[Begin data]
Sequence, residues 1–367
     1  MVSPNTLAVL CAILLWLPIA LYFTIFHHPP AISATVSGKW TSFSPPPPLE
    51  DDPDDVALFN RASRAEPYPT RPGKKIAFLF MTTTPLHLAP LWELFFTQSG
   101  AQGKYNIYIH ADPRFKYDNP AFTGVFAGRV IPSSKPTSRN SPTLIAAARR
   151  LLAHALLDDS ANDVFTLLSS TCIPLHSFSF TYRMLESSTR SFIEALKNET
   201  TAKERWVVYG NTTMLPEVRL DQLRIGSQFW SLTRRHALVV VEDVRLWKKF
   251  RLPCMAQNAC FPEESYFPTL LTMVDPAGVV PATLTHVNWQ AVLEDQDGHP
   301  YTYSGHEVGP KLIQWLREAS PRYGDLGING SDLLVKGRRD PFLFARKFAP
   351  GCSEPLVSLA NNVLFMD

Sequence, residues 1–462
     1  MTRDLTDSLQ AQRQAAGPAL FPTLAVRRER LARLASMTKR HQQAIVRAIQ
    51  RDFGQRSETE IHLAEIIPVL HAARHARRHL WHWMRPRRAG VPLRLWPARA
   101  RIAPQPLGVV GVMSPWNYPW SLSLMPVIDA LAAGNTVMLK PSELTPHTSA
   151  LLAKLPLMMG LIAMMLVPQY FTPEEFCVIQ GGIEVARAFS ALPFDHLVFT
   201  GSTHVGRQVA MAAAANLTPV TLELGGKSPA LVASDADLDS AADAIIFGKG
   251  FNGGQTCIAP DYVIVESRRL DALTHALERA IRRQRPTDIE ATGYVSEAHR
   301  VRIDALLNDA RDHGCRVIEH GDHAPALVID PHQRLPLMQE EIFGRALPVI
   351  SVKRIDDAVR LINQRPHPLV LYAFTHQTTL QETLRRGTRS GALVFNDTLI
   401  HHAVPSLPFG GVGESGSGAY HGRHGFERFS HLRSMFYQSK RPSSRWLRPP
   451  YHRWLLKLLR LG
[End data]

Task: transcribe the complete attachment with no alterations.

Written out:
Sequence, residues 1–367
     1  MVSPNTLAVL CAILLWLPIA LYFTIFHHPP AISATVSGKW TSFSPPPPLE
    51  DDPDDVALFN RASRAEPYPT RPGKKIAFLF MTTTPLHLAP LWELFFTQSG
   101  AQGKYNIYIH ADPRFKYDNP AFTGVFAGRV IPSSKPTSRN SPTLIAAARR
   151  LLAHALLDDS ANDVFTLLSS TCIPLHSFSF TYRMLESSTR SFIEALKNET
   201  TAKERWVVYG NTTMLPEVRL DQLRIGSQFW SLTRRHALVV VEDVRLWKKF
   251  RLPCMAQNAC FPEESYFPTL LTMVDPAGVV PATLTHVNWQ AVLEDQDGHP
   301  YTYSGHEVGP KLIQWLREAS PRYGDLGING SDLLVKGRRD PFLFARKFAP
   351  GCSEPLVSLA NNVLFMD

Sequence, residues 1–462
     1  MTRDLTDSLQ AQRQAAGPAL FPTLAVRRER LARLASMTKR HQQAIVRAIQ
    51  RDFGQRSETE IHLAEIIPVL HAARHARRHL WHWMRPRRAG VPLRLWPARA
   101  RIAPQPLGVV GVMSPWNYPW SLSLMPVIDA LAAGNTVMLK PSELTPHTSA
   151  LLAKLPLMMG LIAMMLVPQY FTPEEFCVIQ GGIEVARAFS ALPFDHLVFT
   201  GSTHVGRQVA MAAAANLTPV TLELGGKSPA LVASDADLDS AADAIIFGKG
   251  FNGGQTCIAP DYVIVESRRL DALTHALERA IRRQRPTDIE ATGYVSEAHR
   301  VRIDALLNDA RDHGCRVIEH GDHAPALVID PHQRLPLMQE EIFGRALPVI
   351  SVKRIDDAVR LINQRPHPLV LYAFTHQTTL QETLRRGTRS GALVFNDTLI
   401  HHAVPSLPFG GVGESGSGAY HGRHGFERFS HLRSMFYQSK RPSSRWLRPP
   451  YHRWLLKLLR LG